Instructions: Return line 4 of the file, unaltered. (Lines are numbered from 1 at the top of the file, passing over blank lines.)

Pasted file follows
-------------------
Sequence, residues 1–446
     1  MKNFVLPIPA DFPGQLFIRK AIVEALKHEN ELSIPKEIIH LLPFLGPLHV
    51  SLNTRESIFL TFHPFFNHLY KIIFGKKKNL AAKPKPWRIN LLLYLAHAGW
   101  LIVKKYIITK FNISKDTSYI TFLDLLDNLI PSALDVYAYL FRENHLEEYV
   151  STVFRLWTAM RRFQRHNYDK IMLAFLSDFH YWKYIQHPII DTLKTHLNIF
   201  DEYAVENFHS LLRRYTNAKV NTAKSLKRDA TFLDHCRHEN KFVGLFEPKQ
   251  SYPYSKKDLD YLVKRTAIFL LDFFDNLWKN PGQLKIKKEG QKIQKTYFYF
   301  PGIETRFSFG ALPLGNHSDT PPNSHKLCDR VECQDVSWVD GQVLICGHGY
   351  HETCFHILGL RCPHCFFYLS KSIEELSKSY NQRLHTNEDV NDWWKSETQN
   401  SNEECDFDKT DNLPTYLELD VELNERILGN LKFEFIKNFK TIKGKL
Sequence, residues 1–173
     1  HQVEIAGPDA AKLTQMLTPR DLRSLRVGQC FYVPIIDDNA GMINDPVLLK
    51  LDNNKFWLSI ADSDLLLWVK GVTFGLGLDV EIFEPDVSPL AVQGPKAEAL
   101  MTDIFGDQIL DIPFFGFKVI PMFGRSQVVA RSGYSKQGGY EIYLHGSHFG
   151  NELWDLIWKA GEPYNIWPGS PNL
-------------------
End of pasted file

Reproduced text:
   101  LIVKKYIITK FNISKDTSYI TFLDLLDNLI PSALDVYAYL FRENHLEEYV